Vuelta a España (st. 10)
Valverde (3rd) gets over hardest day in Haza Llana, stays in 4th overall before first rest day in the Vuelta. Exhibition by Horner (RLT), back in the race lead
Alejandro Valverde fought to his physical limits in the biggest Andalusian mountain stage of the 2013 Vuelta a España, a 167km trek between Jaén and the HC-rated Alto de Haza Llana via the gruelling Monachil (Cat-1), 27k from the finish. The Movistar Team took command into the bunch at the first climb after a really fast start, with attacks flying through the field in an impressive, opening two hours of racing. A 19-man breakaway with two Blue riders -Javi Moreno and José Herrada- was caught by Katusha, who later chose to let a ten-rider group go, with no GC contenders featuring in the split. Amongst them, Granada-based Polish rider Thomas Marczynski (VCD) was the last survivor against an elite group of just 30 riders, the pace made by a resolutive Sylwester Szmyd.
Herrada led the descent and also the first slopes of the final climb before leaving space for Capecchi, who continued the pacemaking and even dropped GC leader Moreno (KAT). However, the attacks from Chris Horner (RLT), into the hardest part of the climb, and Vincenzo Nibali (AST), 3k from the top, left no chance to the rest of the favourites. Valverde even lost contact with the main group with 5km remaining, later recovering in style to complete the day in 3rd place, taking the final four bonus seconds. Horner takes back over the lead of the Vuelta, with Valverde in the same 4th place he started the day, now 1.02 adrift.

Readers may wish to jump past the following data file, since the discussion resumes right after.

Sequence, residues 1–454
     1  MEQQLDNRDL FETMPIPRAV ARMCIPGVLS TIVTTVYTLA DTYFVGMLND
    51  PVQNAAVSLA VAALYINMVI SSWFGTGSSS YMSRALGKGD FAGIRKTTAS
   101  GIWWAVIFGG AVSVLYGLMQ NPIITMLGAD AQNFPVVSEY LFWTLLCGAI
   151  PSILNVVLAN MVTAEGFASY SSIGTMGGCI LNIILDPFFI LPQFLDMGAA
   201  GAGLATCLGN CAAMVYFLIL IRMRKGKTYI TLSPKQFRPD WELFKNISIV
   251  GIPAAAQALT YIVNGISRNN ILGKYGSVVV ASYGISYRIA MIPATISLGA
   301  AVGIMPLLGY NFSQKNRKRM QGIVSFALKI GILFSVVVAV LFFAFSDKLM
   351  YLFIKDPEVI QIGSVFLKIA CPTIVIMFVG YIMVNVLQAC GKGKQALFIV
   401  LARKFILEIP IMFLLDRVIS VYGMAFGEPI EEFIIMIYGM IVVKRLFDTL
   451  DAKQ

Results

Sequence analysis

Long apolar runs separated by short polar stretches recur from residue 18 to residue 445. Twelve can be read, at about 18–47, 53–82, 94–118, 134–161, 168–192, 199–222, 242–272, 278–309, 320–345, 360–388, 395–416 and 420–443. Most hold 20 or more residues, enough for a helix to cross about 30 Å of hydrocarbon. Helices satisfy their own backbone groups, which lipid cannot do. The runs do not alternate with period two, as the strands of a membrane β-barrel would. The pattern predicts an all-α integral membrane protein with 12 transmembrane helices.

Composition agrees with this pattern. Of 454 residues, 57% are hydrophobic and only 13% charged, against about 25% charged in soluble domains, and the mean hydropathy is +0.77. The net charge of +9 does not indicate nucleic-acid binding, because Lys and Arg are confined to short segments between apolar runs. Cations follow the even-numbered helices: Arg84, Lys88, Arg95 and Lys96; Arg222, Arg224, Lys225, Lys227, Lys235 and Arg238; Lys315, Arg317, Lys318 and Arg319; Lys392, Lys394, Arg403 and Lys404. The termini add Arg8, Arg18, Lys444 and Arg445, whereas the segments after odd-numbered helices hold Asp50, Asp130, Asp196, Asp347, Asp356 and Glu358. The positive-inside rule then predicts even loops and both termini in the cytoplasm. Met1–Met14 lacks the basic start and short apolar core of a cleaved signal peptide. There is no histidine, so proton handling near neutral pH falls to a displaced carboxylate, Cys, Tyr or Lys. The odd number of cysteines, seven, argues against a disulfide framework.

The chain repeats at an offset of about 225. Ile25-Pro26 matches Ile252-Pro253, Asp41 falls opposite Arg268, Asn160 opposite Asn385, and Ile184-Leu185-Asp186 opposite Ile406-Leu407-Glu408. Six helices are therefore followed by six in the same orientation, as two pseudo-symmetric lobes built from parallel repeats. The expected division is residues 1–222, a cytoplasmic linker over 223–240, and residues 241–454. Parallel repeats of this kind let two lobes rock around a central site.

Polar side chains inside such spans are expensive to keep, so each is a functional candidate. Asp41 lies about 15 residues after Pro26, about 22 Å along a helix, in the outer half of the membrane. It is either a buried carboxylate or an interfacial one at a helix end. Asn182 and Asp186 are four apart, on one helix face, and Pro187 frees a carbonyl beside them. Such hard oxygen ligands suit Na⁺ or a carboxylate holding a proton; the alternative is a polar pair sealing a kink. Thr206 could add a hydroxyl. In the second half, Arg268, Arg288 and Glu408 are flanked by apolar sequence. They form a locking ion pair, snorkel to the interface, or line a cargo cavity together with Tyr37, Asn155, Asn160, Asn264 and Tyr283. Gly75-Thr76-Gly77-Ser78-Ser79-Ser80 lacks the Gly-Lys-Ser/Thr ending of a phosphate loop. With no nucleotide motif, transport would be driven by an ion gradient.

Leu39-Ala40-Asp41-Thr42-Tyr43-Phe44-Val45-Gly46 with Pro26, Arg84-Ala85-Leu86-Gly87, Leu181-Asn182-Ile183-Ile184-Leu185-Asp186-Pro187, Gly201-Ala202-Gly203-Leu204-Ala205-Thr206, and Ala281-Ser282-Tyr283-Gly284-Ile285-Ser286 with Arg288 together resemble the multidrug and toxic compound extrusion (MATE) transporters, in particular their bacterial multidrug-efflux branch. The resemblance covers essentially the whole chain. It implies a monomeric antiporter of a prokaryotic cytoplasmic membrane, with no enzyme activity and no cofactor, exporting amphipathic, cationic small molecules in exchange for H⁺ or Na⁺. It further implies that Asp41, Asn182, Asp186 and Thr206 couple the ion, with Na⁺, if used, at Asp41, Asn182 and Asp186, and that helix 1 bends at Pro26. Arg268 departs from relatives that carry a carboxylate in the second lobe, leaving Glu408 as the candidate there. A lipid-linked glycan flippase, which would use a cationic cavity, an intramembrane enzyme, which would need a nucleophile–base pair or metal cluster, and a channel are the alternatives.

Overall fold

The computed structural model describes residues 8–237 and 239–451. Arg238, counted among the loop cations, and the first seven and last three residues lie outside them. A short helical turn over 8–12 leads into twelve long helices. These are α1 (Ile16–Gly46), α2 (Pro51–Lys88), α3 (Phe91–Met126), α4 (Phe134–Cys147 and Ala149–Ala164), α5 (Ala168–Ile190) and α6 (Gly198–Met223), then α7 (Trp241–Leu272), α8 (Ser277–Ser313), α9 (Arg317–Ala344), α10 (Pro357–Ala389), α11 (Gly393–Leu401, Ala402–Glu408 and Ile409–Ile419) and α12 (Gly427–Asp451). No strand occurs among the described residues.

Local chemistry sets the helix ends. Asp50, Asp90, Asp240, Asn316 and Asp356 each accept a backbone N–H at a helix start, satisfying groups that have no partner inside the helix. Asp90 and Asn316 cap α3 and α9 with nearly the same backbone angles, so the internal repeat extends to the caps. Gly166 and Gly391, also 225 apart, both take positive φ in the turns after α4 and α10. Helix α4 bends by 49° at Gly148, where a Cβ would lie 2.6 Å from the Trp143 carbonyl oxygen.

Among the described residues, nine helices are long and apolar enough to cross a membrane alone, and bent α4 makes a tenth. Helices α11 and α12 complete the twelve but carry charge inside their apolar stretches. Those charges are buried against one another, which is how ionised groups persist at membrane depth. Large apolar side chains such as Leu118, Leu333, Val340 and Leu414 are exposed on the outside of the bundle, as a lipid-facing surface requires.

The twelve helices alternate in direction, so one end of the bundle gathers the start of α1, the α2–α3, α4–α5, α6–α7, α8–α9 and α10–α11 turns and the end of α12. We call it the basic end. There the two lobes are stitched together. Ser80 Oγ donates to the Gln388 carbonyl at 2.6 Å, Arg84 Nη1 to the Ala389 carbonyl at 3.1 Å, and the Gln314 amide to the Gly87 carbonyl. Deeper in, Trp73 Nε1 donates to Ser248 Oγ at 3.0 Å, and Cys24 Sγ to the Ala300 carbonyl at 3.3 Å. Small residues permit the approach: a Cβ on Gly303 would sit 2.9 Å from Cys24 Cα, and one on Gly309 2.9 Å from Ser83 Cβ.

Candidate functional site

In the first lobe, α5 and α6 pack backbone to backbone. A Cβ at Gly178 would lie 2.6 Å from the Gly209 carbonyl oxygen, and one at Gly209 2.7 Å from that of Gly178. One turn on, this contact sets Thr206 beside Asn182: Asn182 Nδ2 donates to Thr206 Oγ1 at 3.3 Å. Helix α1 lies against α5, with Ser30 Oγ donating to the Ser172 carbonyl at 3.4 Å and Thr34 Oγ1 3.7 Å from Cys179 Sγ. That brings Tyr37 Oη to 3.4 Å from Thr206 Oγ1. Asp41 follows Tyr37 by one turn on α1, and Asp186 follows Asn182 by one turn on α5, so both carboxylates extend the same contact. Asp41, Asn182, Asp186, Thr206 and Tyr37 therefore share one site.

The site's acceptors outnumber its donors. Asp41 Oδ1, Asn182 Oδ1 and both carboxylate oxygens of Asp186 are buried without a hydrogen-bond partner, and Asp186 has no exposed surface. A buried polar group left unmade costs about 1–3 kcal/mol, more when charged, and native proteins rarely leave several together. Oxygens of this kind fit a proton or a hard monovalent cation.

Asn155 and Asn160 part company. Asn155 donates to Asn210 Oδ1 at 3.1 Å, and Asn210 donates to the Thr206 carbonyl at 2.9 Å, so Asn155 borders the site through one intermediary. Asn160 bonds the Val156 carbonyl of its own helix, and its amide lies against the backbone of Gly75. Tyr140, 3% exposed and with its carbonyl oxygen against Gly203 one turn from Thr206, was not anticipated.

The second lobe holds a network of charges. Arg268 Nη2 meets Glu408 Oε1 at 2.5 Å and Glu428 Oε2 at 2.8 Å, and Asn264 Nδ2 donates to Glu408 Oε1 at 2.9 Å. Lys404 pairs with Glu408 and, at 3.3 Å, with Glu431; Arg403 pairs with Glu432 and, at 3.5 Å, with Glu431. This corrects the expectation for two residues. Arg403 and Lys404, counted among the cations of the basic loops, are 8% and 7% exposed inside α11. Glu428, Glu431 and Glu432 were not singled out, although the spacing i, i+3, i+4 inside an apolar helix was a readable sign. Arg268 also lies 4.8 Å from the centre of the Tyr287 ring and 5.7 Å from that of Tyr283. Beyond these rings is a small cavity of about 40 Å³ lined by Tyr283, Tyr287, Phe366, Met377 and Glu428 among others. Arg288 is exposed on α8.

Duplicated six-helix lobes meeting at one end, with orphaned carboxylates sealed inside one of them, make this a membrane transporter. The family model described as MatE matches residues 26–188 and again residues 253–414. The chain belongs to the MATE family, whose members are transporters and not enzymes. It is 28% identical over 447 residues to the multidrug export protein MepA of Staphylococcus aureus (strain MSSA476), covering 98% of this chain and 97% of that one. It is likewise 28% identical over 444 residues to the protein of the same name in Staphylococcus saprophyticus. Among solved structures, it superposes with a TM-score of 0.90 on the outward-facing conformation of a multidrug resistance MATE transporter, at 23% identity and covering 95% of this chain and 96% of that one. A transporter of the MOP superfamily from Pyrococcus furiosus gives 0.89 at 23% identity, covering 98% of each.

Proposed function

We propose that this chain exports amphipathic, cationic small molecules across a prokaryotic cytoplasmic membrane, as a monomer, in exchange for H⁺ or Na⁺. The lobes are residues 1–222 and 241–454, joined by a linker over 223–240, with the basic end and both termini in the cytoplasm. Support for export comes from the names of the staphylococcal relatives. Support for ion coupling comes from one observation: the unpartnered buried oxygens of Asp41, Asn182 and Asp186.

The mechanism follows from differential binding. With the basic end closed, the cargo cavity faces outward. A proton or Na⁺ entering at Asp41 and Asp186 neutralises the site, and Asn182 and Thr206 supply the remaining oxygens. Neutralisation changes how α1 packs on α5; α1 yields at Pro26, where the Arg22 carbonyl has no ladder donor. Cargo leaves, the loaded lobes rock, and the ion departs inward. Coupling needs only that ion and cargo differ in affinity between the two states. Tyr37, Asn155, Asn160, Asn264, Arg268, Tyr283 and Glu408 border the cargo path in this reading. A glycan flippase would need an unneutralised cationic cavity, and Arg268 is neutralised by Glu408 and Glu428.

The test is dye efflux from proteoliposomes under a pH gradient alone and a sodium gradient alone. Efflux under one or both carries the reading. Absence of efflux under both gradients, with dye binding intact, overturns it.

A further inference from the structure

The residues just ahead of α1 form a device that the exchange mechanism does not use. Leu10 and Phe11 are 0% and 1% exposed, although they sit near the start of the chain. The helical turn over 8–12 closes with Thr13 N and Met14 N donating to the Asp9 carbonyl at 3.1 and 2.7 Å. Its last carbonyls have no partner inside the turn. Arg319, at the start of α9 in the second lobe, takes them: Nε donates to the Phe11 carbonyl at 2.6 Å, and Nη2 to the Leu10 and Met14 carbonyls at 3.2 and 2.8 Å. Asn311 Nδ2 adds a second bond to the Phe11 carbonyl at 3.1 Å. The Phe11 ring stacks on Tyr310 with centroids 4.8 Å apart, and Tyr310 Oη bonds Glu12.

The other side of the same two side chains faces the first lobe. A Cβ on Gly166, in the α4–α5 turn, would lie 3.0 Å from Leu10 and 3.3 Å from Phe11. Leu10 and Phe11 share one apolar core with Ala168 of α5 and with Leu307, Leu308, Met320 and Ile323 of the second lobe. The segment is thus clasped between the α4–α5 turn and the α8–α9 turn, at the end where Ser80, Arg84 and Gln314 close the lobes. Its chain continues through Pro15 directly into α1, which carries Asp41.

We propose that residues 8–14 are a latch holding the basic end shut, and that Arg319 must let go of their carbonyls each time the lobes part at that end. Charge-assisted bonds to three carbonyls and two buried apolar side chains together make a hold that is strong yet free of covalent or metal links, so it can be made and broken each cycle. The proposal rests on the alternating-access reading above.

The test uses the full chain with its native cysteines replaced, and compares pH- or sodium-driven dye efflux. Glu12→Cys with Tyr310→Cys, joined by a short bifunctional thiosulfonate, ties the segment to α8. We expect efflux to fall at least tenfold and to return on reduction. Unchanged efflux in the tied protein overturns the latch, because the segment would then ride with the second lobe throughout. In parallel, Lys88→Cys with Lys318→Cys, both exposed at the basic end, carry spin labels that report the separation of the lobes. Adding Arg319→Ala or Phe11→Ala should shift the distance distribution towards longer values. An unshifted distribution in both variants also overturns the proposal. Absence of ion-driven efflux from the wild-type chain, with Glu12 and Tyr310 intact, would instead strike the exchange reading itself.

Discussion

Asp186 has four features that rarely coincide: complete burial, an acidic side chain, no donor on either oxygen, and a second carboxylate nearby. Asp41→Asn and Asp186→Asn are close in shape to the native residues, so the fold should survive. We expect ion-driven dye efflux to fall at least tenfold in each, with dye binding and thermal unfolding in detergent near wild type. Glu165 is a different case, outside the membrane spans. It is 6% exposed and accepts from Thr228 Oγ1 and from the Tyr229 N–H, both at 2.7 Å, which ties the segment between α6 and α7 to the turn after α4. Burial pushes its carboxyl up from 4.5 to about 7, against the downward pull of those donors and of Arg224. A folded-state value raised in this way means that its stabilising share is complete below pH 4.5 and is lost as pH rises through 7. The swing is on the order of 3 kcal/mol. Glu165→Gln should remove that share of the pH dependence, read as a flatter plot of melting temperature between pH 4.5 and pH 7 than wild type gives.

The Spanish grandtour leaves for Zaragoza this evening: a 740km journey the riders will complete by plane, with the rest of the race’s convoy doing it by car. The first rest day will preceed the important, 39km ITT in Tarazona on Wednesday.
REACTION / Alejandro Valverde: “I had already stated that today was the stage where we would be really seeing who were the biggest candidates for the Vuelta overall, with two real climbs along the way. Horner was a surprise, but I don’t think it was too much, because he was already riding well – the time gap might have been it, a minute is quite a difference. When he won his first stage, he already proved strong, but he won convincingly today. The rest of us – Nibali, Purito, Basso, Pinot or Roche – we’re all pretty much close to each other right now. Nibali got a bit of a gap today, but we’re all quite strong. I don’t know if the current situation will change the race’s development, as Nibali, Purito and myself looked to each other a bit, but we also knew we weren’t the only podium contenders, and everyone could see it today.
“I dropped a bit with 5k to go because I knew the climb really well – we had trained a lot on these roads and I knew I had to set my own pace. I took some breath and could close the gap again; even though I suffered a lot, I found myself better after that. As I’m saying, it was the first real mountain stage today, and there’s still a long way to go. I have to thank and congratulate my team because they were splendid today once again. We’re really willing to get that rest day, though it will be a bit more active than usual since we have the TT on Wednesday. It seems like a hard time trial, so it shouldn’t be bad for me. We’ll put some guts on it and suffer as much as we can.”